What’s the biggest challenge you face as a teacher?
I’m facing two major issues as a teacher right now. The first is the fact that I am a really result-oriented and goal-oriented kind of person, but I am working in situation where that kind of mind-set can really get in the way of my relationship with my students. You see, I work in a school where a majority of the students have suffered from school refusal syndrome while they were in junior high school. That means that many of my students have a huge amount of anxiety when it comes to just going to school. They are also very finely tuned-in and dislike being in evaluative situations. Of course this is all at a rather impersonal level, but I see it expressed regularly in my classes. Students will miss tests regardless of how well prepared they are. They will get in a fight with one of their classmates and then be unable to bring themselves to go to school again for a week. And my, “You will get better at English, no matter what” kind of stance and attitude has sometimes made the classroom less welcoming and less safe for my students. Now the good news is that actively using reflective practices like journaling and blogging has helped me recognize this as a place where I need to spend some of my time and energy to develop. And then there are amazing blogs like Josette LeBlanc’s Throwing Back Tokens (http://tokenteach.wordpress.com/josette-leblanc/), which are focused on classroom empathy and have a different focus than the one which I bring to my classroom. nd the more I work on it, the more I realize that what I thought were issues particular to my school and my classroom are really universal issues. It’s just a question of how they play out in a particular fashion in my school. But the fact that students need to be supported, that my goals are not always a students’ particular goals, that I need to make sure I am taking notice of where my students are at emotionally today and everyday are things I would need to do to be a better teacher, regardless of where I was teaching. So I guess my biggest challenge right now Is how to be a more empathic teacher. And mostly I am working on this by journaling and blogging about my classes, twittering and sending emails back and forth with fellow teachers, trying to place what I do within the larger ELT context.
What advice would you give to a teacher just starting out on a journey of professional development?
I have two pieces of advice. Both of which I wish I had taken to heart earlier in my career. The first is that you are the best person to judge your particular situation and the needs of your students. That means trust what you see in your class, believe what your students tell you, and use that information to improve the learning environment for both you and your students whenever possible. But in order to notice what is going on, I recommend both journaling and video-taping your classes. Watch and think about what happens in your class after you have a little distance from the actual event. The other piece of advice is to do everything you can to invite the world into your class and bring your experiences out of the classroom into the world. What you are experiencing is not new. There are people who can listen and with a timely question or suggested article or story, can help you discover ways to move through any rough spots you might be experiencing. Get on twitter. Attend webinars through iTDi, TESOL Int., and any other organization which offers them. Join your voice to the voice of the ELT community. As educators you are part of a rare breed of professionals, a group of people who are striving to help each other succeed in a way other professionals can hardly imagine.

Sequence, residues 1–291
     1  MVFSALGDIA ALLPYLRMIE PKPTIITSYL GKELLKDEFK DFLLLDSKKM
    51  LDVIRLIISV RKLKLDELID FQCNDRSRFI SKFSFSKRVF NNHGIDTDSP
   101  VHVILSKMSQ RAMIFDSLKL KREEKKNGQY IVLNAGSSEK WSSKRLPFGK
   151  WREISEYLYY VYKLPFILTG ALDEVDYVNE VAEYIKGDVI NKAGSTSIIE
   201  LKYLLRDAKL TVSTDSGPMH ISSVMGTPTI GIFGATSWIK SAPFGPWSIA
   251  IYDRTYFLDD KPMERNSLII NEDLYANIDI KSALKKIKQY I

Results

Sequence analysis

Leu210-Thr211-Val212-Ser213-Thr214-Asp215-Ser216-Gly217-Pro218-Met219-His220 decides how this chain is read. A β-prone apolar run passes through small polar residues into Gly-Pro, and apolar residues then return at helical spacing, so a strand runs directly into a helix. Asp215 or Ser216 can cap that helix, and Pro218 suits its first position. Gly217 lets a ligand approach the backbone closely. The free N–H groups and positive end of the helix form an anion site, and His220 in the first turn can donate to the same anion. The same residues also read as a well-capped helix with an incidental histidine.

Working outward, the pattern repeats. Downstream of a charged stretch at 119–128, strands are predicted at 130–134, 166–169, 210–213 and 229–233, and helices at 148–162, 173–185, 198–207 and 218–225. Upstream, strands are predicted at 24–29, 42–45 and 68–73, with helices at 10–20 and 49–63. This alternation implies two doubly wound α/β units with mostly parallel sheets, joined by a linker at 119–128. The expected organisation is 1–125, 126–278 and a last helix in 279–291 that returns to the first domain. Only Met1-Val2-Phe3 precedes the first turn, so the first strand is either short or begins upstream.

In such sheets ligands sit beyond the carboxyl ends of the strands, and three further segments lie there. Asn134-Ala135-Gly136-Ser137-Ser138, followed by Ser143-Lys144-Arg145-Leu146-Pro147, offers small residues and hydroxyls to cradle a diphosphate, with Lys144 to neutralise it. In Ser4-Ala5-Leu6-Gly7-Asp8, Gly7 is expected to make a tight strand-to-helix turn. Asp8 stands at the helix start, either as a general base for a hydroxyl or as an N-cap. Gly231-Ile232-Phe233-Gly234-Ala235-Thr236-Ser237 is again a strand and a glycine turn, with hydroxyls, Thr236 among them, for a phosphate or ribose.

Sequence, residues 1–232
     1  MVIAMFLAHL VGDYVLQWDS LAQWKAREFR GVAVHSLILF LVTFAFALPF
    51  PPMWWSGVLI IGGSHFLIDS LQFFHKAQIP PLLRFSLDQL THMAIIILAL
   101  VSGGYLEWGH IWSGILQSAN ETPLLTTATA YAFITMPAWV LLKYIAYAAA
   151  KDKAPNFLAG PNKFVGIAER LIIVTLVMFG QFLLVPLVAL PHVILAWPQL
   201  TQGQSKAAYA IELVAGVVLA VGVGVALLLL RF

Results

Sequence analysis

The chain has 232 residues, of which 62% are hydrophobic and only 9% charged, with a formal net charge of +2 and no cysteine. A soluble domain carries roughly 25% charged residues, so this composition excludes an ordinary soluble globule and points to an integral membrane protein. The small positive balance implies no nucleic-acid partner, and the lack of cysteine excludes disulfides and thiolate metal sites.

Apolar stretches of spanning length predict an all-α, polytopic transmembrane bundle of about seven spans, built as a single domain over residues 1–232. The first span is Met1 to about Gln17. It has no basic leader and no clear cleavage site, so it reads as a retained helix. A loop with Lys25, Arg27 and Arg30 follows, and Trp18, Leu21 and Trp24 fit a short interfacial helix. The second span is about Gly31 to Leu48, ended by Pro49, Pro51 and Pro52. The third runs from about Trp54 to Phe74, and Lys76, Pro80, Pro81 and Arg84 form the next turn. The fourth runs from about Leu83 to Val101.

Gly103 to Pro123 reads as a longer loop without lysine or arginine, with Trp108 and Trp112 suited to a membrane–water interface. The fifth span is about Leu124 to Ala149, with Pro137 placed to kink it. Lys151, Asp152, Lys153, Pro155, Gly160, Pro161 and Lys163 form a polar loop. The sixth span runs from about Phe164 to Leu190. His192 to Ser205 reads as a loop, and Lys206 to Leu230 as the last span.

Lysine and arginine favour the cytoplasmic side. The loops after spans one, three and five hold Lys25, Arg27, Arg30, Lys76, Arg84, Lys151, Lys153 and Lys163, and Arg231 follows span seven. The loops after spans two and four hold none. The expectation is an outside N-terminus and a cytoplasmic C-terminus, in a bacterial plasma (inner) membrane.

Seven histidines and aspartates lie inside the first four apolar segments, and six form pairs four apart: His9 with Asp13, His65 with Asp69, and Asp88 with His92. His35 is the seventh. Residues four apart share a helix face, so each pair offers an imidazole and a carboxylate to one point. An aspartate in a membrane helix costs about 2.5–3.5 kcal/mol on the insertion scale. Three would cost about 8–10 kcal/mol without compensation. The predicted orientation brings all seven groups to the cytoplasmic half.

Any blog or online link you’d like to recommend?
Well, there is my own blog, The Other Things Matter: http://theotherthingsmatter.blogspot.jp/ in which I do a bit of reflective blogging on my own classes as well as how I think ELT theory can and does influence my own teaching style.
I also think that Barbara Sakamoto’s teaching Village (http://www.teachingvillage.org/) is a must stop for any teacher. There’s an amazing range of teachers’ voices and they write eloquently on the what and how of their classrooms.
There are a number of blogs I read regularly, but I would like to just highlight two more if I could. Josette LeBlanc’s blog and how it treats issues of empathy and the role of reflective practices in teaching is really a must read for anyone, not only as an example of how RP works, but as a reminder that all of us need to be kind to ourselves and accept our own experiences for the treasures they are. And then there is Scott Thornbury’s An A-Z of ELT (http://scottthornbury.wordpress.com/) I can’t say how many times I’ve been flummoxed by a certain term or idea floating around in the ELT world, only to have it take a nice crystallized shape after reading one of Scott’s blog posts.
What’s your favorite quotation about being a teacher or about education in general?
It is our job to help students realize how much they already know about language. — John Fanselow
I think this quote really captures what it means to help meet a student where they are and together explore what the next step in learning will be about. All of our students are already, in some sense, linguistic geniuses. They can use language to express how they feel, get what they need, console a friend, and celebrate life. As a fellow member of a learning community, my job starts by recognizing and respecting what the student knows and finding a way to take the next step together.